NBC has its peacock, CBS has its always-open eye, and MTV, which first hit the airwaves on August 1, 1981, has always been represented by a large, boxy M with "TV" scrawled in graffiti on its corner. Above is the first MTV commercial ever broadcast on the channel and the first time viewers saw the logo on air -- the famous lunar-landing spot that became such a recognizable symbol of the station, the Video Music Awards trophy is called a "Moonman." MTV's iconic logo has not changed much in these past three decades, but there have been some subtle facelifts that reflected bigger shifts in the company's philosophy.
MTV's ads, which appeared hourly on the network, have become almost as famous as the network's logo. The moon-landing promo ran roughly 75,000 times on MTV, including 17,000 plays in MTV's inaugural year, according to the channel's first creative director Fred Seibert. The moonman kicked off a trend of creative, cutting edge, and downright cool on-air ads for MTV that would last for almost 30 years. In a world of DVRs and TiVos where viewers can fast-forward commercials, this idea might seem extraordinary, but there was once a time when everyone looked forward to seeing how MTV was promoting itself. While MTV's logo may have stayed the same, the commercials that featured the logo have enjoyed a more colorful evolution.
Throughout the first half the 1980s, when MTV was eager to attract new viewers to the revolutionary idea of a network that plays only music videos, the channel's slogan was "I Want My MTV" -- a line that is of course is forever synonymous with Dire Straits' MTV-bashing-yet-MTV-beloved "Money for Nothing."
Here's a an early version of the channel's morphing logo, as seen in a commercial starring Cyndi Lauper, Boy George, Billy Idol and a Let's Dance-era David Bowie:
And here's another with John "Cougar" Mellencamp, the Police, the Cars' Ric Ocasek, and most impressively Madonna:
Once MTV became more established, the channel no longer relied on call-outs from superstars in its advertising, opting instead for a more creative approach that put the spotlight on up-and-coming artists. These ads were like spin-offs of the channel's animation show Liquid Television and were rather gruesome for a station ID, but they fit the tone in an era of Nine Inch Nails. Still, while the ads changed, the logo remained the same:
Here's one of our favorites from the early '90s, MTV's ode to Fritz Lang's M:
MTV's IDs may have changed throughout the years, but the logo always stayed the same... until 2010, when the network completely rebranded itself to reflect the change in their programming that began when MTV aired the first Real World in 1992. By the turn of this decade, reality television had completely revolutionized MTV's schedule, which became overrun with shows like The Hills and Jersey Shore. Music videos were relegated to early morning slots or one of MTV's sister networks. Even our beloved MTV-promoting ads had vanished from the commercial breaks. As a result, MTV ditched the words "Music Television" that always rested below the giant M and graffiti TV:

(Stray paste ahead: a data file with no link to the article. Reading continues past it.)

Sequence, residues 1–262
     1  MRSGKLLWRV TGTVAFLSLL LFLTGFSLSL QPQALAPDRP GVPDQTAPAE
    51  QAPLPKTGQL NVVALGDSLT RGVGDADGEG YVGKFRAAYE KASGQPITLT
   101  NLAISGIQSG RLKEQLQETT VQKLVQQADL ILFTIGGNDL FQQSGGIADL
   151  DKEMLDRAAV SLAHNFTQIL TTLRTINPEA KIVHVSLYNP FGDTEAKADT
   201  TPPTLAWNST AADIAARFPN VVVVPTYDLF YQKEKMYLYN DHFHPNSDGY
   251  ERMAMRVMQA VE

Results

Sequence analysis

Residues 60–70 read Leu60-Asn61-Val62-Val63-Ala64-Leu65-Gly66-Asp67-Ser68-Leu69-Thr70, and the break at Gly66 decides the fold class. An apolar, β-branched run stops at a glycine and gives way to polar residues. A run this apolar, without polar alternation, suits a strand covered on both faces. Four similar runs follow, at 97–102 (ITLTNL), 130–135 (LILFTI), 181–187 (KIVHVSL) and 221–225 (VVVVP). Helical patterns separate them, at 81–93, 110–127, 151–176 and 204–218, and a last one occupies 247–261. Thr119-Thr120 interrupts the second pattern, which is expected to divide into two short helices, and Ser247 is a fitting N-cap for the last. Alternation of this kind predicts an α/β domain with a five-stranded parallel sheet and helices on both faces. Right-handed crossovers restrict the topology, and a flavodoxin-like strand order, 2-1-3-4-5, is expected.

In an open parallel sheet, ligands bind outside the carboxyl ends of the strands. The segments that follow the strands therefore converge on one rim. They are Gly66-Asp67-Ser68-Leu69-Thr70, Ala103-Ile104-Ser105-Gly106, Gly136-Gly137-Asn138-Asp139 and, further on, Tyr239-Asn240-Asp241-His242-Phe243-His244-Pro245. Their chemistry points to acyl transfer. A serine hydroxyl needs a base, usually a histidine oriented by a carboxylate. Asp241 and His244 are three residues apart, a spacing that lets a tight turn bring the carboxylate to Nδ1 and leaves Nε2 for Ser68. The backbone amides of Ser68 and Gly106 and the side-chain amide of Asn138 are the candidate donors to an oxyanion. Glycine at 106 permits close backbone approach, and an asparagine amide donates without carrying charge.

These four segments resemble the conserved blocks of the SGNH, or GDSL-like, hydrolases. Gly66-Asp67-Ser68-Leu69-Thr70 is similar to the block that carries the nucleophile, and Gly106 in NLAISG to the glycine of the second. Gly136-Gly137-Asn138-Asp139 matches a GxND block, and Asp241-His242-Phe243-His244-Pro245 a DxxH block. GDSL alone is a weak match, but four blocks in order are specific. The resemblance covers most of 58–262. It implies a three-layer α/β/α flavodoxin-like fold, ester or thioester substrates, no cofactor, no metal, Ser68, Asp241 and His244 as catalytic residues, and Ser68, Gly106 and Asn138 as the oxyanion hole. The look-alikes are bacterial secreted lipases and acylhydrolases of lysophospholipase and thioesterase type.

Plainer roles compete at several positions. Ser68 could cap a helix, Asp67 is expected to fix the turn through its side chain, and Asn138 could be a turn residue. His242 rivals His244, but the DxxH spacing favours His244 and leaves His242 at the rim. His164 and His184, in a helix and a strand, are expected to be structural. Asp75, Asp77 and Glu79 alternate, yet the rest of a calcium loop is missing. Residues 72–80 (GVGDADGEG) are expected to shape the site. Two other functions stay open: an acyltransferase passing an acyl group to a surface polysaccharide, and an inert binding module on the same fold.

Perhaps also to recognize the shift from the old tube televisions to high definition sets, the M also got a makeover for the first time, transforming from its square shape to a more 16:9-ready rectangle. But other than that change in dimensions, the logo has remained largely untouched for these past 30 years, and it will probably stay that way for the next three decades as well.
How is MTV celebrating its 30th anniversary? Maybe by replaying all these classic commercials, or for one day pretending that they are "Music Television"? Nope. Take a look at their August 1st schedule and you'll find plenty of True Life, Teen Mom, and Teen Wolf, but nothing that pays tribute to their pre-Laguna Beach past. Thankfully, its sibling channel VH1 Classic will pick up the slack this weekend with a three-day marathon of old-school MTV programming called MTV30. The 72-hour special will feature clips from shows like Remote Control, Yo! MTV Raps, Beavis & Butt-head, and The Real World, plus highlights from all their awards shows. VH1 Classic also promises to replay all those classic promos.
Then at midnight when July 31st turns into August 1st, on the exact 30th anniversary of MTV's first broadcast, VH1 Classic will replay MTV's entire first hour of footage from 1981. The Buggles' "Video Killed the Radio Star" was the first video MTV ever played, but can anyone name the second? Tune in late Sunday night to find out and to see that legendary moon landing promo one more time.